The meat in the fridge was mutton

So speaking of blasphemy laws, and India, and violence…the Washington Post also reports on a news item from India: a mob dragged a Muslim man out of bed and beat him to death for eating beef.

The attack on Monday night in the northern Indian city of Dadri has shocked the country, but it wasn’t exactly a surprise. For the past six months, meat has been a matter of major debate in India.

Eighty percent of the country’s of 1.3 billion inhabitants are Hindu — who avoid beef for religious reasons. Roughly 250 million Indians are not. That tally includes almost 25 million Christians and up to 140 million Muslims, like Akhlaq.

Such incidents have increased since Modi came to power, Michael Miller says.

Modi is a Hindu nationalist who, as governor of Gujarat state, presided during religious riots in 2002 in which more than 1,000 people — most of them Muslims — were killed. For years afterwards, Modi was blocked from visiting the United States because of his role in the riots.

All that changed last year, however, when Modi and his Hindu nationalist Bharatiya Janata Party (BJP) swept to power. Modi campaigned on a vision of India finally fulfilling its economic potential — a promise highlighted by his recent tour of Silicon Valley.

But that doesn’t make him any less a Hindu nationalist and it doesn’t make the BJP any less a Hindu nationalist party.

Since Modi’s election, Muslims have grown worried about a string of inflammatory statements and actions by Hindu nationalist leaders. Accused Islamist terrorists have been executed ahead of non-Muslims, stirring anger. Meanwhile, BJP lawmakers have openly called for Hindus to out breed Muslims to “protect Hindu religion.” That same politician, Sakshi Maharaj, invited outrage when he called Mahatma Gandhi’s assassin a “patriot.” (Nathuram Godse was a militant Hindu activist who killed Gandhi for “appeasing” Muslims.) Finally, India’s foreign minister has called for the Bhagavad Gita, a Hindu scripture, to be declared a “national scripture.”

Theocracy hates people.

Last March a bill was passed in Maharashtra banning the sale of beef.

Despite legal challenges to the ban, the new law immediately brought results. Just days after the law’s implementation, two people were arrested for allegedly slaughtering two calves, the BBC reported. Last month, four more people were accused of smuggling beef into Mumbai, according to the Indian Express.

The crackdown on cow-eating is driven by a desire for religious/national purity, but critics point out that it’s already creating political and practical problems.

Oh that desire for religious/national purity (and political, doctrinal, attitudinal, verbal purity) – what a curse it is.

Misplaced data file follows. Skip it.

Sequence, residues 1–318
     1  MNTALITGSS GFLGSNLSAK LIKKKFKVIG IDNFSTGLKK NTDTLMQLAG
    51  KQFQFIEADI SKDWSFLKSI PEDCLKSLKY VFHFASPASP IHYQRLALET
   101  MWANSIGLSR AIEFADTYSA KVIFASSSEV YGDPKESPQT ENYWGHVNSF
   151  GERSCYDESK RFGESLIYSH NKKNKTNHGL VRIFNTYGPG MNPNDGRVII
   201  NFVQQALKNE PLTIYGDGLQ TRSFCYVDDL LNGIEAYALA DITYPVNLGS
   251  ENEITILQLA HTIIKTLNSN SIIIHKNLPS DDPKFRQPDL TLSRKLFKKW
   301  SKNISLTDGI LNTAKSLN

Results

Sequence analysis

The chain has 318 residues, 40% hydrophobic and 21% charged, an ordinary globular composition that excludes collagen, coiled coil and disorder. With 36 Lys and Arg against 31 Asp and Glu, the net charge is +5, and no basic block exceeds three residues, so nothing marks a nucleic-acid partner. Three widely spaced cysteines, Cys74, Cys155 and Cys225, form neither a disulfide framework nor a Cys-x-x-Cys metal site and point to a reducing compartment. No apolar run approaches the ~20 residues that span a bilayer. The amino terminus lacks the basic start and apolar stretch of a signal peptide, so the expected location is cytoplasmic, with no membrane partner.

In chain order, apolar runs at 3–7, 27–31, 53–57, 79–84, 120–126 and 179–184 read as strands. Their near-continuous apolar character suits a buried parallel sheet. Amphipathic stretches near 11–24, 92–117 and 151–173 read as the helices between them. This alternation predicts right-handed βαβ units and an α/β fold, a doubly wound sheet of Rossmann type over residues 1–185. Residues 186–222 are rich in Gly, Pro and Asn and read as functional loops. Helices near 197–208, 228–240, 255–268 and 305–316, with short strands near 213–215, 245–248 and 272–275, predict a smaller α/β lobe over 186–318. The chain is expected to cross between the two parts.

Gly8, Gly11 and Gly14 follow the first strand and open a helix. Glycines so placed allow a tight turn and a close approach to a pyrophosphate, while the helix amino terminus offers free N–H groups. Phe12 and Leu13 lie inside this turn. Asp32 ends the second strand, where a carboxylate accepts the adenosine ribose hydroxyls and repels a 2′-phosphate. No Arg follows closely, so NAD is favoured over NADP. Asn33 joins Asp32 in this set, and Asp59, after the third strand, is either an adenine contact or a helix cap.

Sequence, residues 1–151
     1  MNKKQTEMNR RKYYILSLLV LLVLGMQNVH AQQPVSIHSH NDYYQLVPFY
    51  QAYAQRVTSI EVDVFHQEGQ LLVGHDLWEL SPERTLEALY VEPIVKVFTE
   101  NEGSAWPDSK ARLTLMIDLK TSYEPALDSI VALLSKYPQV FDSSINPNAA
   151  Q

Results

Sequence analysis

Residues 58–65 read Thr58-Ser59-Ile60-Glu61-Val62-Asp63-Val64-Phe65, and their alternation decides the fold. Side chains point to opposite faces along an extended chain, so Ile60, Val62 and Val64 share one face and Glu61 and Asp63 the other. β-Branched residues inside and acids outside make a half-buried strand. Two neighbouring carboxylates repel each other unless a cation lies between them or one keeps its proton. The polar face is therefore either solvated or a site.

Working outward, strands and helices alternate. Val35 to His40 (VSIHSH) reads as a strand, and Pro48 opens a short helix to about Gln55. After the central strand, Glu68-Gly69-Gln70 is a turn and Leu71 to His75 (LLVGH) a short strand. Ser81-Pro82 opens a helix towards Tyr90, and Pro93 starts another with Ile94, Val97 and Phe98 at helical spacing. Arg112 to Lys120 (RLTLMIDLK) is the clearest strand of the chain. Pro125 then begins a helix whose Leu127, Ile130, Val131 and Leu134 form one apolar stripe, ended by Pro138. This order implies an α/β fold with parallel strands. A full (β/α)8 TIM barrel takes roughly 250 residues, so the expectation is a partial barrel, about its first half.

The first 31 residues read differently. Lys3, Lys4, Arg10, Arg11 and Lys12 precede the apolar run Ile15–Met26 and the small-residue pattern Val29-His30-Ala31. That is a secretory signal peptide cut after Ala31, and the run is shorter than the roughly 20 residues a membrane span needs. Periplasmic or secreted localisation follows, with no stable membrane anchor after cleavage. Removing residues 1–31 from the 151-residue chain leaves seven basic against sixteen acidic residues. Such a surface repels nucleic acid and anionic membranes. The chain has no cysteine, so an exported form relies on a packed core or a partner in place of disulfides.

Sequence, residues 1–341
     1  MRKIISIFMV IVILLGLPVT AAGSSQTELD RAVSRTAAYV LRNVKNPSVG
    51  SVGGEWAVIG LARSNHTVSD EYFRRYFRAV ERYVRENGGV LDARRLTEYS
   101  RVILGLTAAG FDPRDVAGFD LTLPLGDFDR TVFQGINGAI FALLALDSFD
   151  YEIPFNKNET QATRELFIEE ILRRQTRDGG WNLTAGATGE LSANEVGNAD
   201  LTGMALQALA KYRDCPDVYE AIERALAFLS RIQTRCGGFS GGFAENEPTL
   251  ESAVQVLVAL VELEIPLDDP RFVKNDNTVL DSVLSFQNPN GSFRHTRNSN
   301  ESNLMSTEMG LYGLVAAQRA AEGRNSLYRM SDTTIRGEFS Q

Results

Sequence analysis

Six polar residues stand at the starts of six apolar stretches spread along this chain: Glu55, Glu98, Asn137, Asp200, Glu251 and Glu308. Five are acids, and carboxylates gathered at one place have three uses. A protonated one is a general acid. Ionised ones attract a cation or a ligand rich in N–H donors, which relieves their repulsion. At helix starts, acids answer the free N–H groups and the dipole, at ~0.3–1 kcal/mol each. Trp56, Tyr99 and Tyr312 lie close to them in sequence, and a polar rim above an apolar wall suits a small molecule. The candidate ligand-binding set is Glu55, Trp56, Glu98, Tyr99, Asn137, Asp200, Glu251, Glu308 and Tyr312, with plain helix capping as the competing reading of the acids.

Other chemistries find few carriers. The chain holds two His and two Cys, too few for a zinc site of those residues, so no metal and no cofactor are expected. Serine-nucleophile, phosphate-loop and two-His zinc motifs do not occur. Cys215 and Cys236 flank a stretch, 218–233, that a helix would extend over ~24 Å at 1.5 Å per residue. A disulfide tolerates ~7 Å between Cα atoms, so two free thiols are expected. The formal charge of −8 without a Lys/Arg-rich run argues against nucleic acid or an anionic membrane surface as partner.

“Some Hindu hard-liners insist the idea of eating beef was introduced by Muslim invaders, despite references to its consumption in ancient texts like the Vedas, written more than a millennium before the time of Muhammad. By eradicating this ‘alien’ practice, they hope to return the country to values they hold dear as Hindus,” wrote novelist Manil Suri in a New York Times op-ed.

Suri said it was part and parcel of a broader conservative cultural shift under Modi and the BJP.

“With the recent re-criminalization of gay sex, bans on controversial books and films and even an injunction against the use of the colonial-era name ‘Bombay’ instead of ‘Mumbai’ in a Bollywood song, the new laws join a growing list of restrictions on personal freedom in India,” he warned.

That’s how theocracy is. It’s the worst.

Beef again became a pretext for violence during Monday’s mob attack in Dadri, a city of roughly 60,000 near New Delhi in the northern state of Uttar Pradesh, where a near-total ban on beef is in effect.

The attack allegedly came moments after an announcement at a nearby Hindu temple that Mohammad Akhlaq had slaughtered a calf. The calf had gone missing several weeks earlier, according to the Indian Express. Rumors quickly spread around the neighborhood that Akhlaq was the culprit.

Incited by the announcement, the mob broke down Akhlaq’s door and dragged him into the street, where 100 men beat him to death with bricks, his family members told the Express. The invaders also dragged Akhlaq’s 22-year-old son, Danish, outside, beating him until he was close to death as well.

All for the sake of religious and nationalist “purity.”

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